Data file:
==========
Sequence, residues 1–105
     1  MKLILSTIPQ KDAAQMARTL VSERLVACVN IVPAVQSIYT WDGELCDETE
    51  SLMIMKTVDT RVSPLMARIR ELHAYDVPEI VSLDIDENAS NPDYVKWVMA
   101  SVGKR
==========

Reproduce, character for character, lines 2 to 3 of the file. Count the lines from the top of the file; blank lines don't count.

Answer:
     1  MKLILSTIPQ KDAAQMARTL VSERLVACVN IVPAVQSIYT WDGELCDETE
    51  SLMIMKTVDT RVSPLMARIR ELHAYDVPEI VSLDIDENAS NPDYVKWVMA